Alwaght- The “oil signals” sent out by more than one Saudi official source like Al-Hayat newspaper and Al Arabiya news channel are seen to be reflecting Saudi Arabia’s true vision on it “economic war” which has begun to backfire.
Emphasizing that Riyadh wanted to cooperate with other oil producers to support the oil prices, these Saudi signs are sparking a ray of hope for restoring the economic stability to the region which has seen over $1000 billion in losses as a result of Saudi Arabia’s policies, as they slightly open the door to the possibility of Saudi military retreat in the future.
Saudi Arabia has not waited so long to talk about its economic conditions, something already was clear to all. The Financial Times has uncovered that Riyadh was considering tapping the international bond markets for the first time as the oil prices plummeted, a clear sign that the Saudi oil war is double-edged. The recent Saudi position and what followed it reflect Saudi Arabia’s retreat from its standing while the kingdom previously has rejected suggestions from OPEC (Organization of Petroleum Exporting Countries) to cut its oil production levels, motivated by its political objectives, apparently to inflict damages on the Russian and Iranian economies.
Once Saudi Arabia decides to coordinate with the OPEC’s members, as well as Iran and Russia about the oil production levels and prices, the outcome would be in favor of the Persian Gulf Arab countries generally and Saudi Arabia specifically before any other states, because these countries’ economies are heavily oil-dependent. However, we are still in the stage of signals which would be followed by the negotiations and then the implementation stage ensues.
It is impossible to confine the Saudi failures to the oil sector as the kingdom has launched an aggression against the Yemeni people since almost 11 months ago, a war which has cost Riyadh hundreds of billions of dollars. So, would Saudi Arabia stop its military campaign in Yemen once it leaves its present oil policies?
To answer this essential question, it is enough to review the bloody history of this ruling family to be clearly ensured that Riyadh, even if it retreats from its oil policy, would keep eye on the military interventions in Yemen, Iraq and Syria. Therefore, the current economic situation does not represent a motive for the kingdom to halt its aggressions. This means Riyadh would maintain its supports for the armed groups in Syria, as it would keep running its war campaign against the Yemeni people. Concerning the issue, there are some points to be touched upon:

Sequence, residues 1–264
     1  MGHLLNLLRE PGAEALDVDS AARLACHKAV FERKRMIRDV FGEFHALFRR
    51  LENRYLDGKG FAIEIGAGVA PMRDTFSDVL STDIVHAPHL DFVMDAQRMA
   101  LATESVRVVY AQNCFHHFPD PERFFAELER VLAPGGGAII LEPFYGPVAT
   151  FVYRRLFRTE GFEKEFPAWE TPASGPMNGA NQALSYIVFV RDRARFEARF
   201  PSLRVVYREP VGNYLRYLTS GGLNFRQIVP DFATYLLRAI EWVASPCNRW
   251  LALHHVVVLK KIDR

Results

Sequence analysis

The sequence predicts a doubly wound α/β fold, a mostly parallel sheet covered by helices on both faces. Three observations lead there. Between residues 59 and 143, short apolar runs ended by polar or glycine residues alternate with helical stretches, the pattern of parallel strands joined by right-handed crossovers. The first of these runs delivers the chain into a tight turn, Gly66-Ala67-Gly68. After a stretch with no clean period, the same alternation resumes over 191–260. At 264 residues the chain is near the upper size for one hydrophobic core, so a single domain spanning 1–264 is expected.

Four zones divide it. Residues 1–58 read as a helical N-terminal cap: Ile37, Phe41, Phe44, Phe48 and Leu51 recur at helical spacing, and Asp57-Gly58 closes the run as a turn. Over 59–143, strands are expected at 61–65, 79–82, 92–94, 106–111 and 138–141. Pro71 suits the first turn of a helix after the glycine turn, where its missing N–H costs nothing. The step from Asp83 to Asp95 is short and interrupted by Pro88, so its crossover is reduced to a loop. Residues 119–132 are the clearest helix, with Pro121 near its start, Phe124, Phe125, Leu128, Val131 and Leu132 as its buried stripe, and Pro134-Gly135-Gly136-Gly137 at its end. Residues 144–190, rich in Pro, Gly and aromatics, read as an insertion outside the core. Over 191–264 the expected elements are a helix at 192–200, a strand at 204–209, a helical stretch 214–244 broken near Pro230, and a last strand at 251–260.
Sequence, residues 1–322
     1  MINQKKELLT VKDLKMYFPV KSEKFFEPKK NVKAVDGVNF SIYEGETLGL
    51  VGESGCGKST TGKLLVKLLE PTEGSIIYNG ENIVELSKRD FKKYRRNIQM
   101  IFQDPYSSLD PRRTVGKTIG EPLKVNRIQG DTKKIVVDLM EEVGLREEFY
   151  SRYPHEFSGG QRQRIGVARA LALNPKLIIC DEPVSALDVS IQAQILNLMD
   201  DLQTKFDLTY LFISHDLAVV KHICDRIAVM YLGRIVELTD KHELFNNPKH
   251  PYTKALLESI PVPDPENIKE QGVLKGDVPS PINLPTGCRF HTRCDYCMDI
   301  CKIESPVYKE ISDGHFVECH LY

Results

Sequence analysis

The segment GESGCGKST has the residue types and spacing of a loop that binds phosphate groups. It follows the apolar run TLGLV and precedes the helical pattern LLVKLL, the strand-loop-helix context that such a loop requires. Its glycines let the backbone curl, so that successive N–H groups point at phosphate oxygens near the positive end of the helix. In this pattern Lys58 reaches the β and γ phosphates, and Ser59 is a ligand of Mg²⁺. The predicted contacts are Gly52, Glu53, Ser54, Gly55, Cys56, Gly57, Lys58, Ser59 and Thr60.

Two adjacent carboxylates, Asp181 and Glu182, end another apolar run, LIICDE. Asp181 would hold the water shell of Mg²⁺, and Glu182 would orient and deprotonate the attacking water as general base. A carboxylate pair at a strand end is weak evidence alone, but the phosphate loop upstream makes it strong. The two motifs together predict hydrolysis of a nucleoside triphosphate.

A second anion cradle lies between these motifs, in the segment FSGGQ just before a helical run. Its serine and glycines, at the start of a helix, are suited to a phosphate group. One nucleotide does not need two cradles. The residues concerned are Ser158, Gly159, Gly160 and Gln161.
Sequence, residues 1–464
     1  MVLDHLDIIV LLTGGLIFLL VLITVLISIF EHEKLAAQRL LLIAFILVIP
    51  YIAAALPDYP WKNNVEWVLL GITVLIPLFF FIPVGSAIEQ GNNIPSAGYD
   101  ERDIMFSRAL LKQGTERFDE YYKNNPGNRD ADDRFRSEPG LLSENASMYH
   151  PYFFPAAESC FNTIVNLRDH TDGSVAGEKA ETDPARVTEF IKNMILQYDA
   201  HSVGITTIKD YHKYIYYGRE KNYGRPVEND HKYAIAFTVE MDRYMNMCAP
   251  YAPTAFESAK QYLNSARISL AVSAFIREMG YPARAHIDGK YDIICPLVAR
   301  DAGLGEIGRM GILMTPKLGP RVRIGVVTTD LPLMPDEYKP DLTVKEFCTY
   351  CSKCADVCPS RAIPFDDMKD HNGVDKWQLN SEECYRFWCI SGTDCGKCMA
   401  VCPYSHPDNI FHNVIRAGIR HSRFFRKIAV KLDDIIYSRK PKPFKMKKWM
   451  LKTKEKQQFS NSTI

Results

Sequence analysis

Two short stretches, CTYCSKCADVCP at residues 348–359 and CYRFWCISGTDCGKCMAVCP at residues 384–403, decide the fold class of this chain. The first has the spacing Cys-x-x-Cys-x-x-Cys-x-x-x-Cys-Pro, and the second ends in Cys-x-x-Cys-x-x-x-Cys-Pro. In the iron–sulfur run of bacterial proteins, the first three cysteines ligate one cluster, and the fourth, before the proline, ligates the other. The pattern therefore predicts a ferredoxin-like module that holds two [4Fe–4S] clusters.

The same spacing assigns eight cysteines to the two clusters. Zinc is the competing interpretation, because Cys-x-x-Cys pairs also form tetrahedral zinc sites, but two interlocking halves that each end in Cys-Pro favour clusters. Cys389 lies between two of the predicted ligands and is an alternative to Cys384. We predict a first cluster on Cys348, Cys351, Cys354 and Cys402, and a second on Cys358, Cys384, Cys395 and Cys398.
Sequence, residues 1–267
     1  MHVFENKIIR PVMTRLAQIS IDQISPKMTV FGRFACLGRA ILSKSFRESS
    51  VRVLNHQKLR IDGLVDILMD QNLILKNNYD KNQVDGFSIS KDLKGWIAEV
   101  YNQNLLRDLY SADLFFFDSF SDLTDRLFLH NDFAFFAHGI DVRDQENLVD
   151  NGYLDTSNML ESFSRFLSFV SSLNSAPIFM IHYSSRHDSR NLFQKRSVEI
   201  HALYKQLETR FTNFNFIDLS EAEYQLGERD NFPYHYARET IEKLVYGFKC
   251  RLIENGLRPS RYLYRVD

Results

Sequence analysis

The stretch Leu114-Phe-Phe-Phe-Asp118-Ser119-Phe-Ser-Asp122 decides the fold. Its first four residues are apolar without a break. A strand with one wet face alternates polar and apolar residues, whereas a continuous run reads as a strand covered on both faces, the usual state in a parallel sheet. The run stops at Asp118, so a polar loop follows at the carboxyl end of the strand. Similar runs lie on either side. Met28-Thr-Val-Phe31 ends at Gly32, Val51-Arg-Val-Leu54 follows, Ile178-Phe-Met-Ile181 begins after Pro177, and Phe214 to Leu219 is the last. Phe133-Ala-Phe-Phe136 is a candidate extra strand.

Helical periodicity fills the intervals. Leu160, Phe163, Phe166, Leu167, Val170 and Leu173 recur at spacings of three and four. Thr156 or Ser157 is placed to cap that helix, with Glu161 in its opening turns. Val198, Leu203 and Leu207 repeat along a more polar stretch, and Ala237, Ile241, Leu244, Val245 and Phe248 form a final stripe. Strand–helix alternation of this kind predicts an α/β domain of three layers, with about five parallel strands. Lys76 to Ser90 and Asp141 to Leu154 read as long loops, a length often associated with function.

First, the problem with the Saudi foreign and domestic policy is that it well stands on the basis of savagery and not wisdom, so it is difficult to foresee the time when the kingdom would decide to stop its conflicts in the region. Despite all these, the wise voices have begun to rise inside Saudi Arabia though the regime struggles to silence them.
Second, having in mind that Saudi Arabia has not drawn any plan for leaving its policies, it is unlikely that this economic decline affects the political section, or, to be precise, the military section of the country. This is what pushed Riyadh to adopt austerity measures and currently to eye borrowing money from the outside.
Third, the Saudi war on Yemen and Riyadh’s interventions in Syria would be finished once the kingdom receives a crushing military blow, namely when the Yemeni army arrives close to Riyadh’s gates because the Yemeni army gaining control of three provinces of Asir, Jizan and Najran looks not enough, or once an internal shock, which is not unlikely, takes place in Saudi Arabia, especially that the recent outcoming reports suggest that the dispute is heating up between the country’s Crown Prince Muhammad bin Nayef and the Deputy Crown Prince Mohammad bin Salman.
Fourth, the outside world is obliged to make Riyadh bow to the law through the Security Council should Riyadh decides to press ahead with its committing “crimes against humanity” in Yemeni territories. So far the US has refrained from pressing Saudi Arabia to respect the international laws because the heightened sectarian conflicts in the region go in favor of Washington, as they are, besides, beneficial for Saudi Arabia.
Fifths, no need for the Security Council and military confrontation to thwart the Saudi malignity because the domestic crises are enough to discipline Riyadh as the wise voices rise from inside the royal family to reject the Mohammad bin Salman’s policies either at home or outside.
Despite all these, there are hopes that Riyadh restores its wisdom which it lost since a long time ago, because before other countries and peoples, it is hurting itself and its own people. In fact, the true enemy (of the Islamic world) in the present day is the Israeli regime which is spoiling the holy places. The Palestinian cause should resurface as the vital case of the Islamic and Arab world. But the economic retreat signals, however, do not mean that it is so with the military case.
Saudi Arabia has fallen in dire straits economically following its aggression which has backfired, and it is to suffer militarily later on. Such a situation would determine the future of the land of Hejaz sooner than expected.